However, although the financial services sector is usually the one expected to show trustworthiness, transparency, and compliance, these should be values embraced by all organisations and institutions and not just those in the financial services industry. All business organisations, duly elected Governments and its’ agencies, authorities and education institutions have a responsibility to promote and commit to the practice of good governance. We want to stimulate a cultural change in mentality across the board and we are doing this by the necessary tools to implement a good governance framework and mitigate corruption not only to private companies but also to public institutions.

Who are the main exponents of Get Governanz and what can you tell us about your courses?

The team at Get Governanz is led by its CEO Terrence Norris, a seasoned expert in audit, investigation and management consultancy services to the public and private sectors, and to international organisations for over 35 years. Then there is Andrew Naudi, Technology Partner at NOUV, L. Burke Files, an international financial investigator and due diligence expert who has run cases in over 130 countries and Mike J. Masoud, an internationally known expert in the anti-corruption field who leads the American Anti-Corruption Institute (AACI) business and initiatives in the Middle East and Africa.

Our certified programmes focus on providing individuals, corporations, government and non-profit organisations with contemporary knowledge and skills to mitigate risks of corruption, fraud, and unethical practices, while simultaneously strengthening the elements of ‘good governance’. On the other hand, our advisory services focus on assisting organisations to establish ‘governance’ policy, procedures, internal controls, monitoring and reporting mechanisms as an essential part of their commitment to embrace business ethics, comply with local and international laws and respect social norms.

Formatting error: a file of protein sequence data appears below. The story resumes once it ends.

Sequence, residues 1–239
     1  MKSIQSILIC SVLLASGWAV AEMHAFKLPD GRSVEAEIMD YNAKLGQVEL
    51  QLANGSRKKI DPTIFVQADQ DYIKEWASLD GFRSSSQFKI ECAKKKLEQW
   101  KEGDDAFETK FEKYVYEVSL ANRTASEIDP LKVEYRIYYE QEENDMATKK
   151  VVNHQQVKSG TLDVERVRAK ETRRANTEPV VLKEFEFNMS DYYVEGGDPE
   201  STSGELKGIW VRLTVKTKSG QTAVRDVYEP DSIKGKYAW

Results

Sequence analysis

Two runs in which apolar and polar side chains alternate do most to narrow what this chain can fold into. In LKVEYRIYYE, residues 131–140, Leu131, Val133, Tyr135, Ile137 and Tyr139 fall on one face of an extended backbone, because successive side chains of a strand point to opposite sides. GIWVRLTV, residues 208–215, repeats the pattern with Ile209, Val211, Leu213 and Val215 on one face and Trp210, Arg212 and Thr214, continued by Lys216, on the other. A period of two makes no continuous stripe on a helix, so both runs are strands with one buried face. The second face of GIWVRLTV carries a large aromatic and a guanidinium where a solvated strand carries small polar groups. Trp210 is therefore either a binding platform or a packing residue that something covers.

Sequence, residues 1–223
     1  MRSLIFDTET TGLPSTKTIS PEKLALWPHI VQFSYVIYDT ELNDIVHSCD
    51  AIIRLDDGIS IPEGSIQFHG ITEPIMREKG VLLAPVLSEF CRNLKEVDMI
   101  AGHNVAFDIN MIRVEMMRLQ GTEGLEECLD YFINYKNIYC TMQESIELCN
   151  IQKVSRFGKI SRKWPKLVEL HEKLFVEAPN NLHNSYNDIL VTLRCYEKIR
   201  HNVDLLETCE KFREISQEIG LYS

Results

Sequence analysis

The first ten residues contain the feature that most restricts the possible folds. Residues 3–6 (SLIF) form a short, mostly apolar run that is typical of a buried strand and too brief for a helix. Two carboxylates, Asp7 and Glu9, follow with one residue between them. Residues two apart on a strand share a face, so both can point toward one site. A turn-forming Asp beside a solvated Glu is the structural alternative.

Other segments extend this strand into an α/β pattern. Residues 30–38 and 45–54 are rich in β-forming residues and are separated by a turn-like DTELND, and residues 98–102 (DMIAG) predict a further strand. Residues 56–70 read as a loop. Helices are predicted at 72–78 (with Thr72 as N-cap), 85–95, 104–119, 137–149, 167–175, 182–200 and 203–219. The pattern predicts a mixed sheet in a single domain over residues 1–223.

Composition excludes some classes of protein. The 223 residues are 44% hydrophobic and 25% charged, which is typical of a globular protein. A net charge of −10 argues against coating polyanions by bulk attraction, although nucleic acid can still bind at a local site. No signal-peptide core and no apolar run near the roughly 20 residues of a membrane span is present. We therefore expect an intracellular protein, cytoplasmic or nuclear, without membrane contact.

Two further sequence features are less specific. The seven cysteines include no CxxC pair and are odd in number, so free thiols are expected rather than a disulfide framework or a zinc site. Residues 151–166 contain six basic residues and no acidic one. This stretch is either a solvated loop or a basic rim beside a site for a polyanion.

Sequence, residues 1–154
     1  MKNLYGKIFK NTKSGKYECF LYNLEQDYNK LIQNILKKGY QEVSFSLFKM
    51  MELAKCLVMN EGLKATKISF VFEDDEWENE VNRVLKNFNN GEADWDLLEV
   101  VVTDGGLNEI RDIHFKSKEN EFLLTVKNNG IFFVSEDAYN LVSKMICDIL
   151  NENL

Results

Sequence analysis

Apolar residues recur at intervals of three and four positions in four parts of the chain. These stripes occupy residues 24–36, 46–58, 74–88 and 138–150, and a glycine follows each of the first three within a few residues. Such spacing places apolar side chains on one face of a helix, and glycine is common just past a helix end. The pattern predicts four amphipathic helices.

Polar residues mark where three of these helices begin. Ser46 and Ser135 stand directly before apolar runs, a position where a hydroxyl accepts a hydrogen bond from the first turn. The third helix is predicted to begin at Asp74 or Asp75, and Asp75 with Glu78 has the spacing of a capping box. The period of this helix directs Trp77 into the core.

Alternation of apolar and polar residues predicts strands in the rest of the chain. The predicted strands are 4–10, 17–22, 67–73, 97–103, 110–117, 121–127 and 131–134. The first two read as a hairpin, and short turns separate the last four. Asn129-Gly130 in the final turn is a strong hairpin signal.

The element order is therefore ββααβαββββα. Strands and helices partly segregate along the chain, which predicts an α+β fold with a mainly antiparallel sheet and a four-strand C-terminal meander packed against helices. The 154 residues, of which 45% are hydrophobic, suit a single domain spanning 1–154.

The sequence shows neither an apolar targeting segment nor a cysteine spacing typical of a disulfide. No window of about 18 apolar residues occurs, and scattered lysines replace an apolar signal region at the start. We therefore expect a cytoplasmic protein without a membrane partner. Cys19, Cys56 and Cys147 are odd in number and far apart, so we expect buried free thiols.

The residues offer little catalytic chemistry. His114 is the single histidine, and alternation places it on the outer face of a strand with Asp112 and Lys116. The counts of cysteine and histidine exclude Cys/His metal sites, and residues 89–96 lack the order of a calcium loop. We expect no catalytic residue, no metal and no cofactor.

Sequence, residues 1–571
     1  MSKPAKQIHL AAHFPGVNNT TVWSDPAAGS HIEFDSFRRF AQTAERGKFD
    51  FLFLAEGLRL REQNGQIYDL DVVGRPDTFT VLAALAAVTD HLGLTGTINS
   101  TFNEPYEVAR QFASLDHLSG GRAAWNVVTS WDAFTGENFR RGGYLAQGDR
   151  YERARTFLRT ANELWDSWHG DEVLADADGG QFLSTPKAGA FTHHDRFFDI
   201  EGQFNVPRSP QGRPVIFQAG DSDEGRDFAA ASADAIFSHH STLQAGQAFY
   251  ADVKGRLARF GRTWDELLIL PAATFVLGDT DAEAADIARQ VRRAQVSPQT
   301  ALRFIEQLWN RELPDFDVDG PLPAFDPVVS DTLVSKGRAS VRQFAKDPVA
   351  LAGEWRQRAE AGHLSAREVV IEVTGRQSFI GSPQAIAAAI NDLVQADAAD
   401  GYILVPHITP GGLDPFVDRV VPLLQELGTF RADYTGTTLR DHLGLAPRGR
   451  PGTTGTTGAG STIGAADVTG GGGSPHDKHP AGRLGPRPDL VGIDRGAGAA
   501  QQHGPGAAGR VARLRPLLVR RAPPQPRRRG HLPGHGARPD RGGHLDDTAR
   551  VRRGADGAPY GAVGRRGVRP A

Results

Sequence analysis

There’s a lot to work on when it comes to good governance in Malta....

Indeed. But we still see hope for this country, and we have not given up. Had we totally lost our faith in restoring this country, we would not be here still trying to make things better. But it is not enough being vociferous when our country’s reputation finds itself threatened by corruption. At this point, we all need to ask ourselves what we are going to do about it. We now have the tools with which to work towards good governance and more transparency starting from our own companies and organisations.

It is only by showing integrity and by working ‘above board’ that we can be effective contributors to our economy, to all our stakeholders’ growth and success and ultimately, to our country’s prosperity. So in the end, the principle is simple: If you are willing to compromise on integrity and professionalism, why should you be trusted?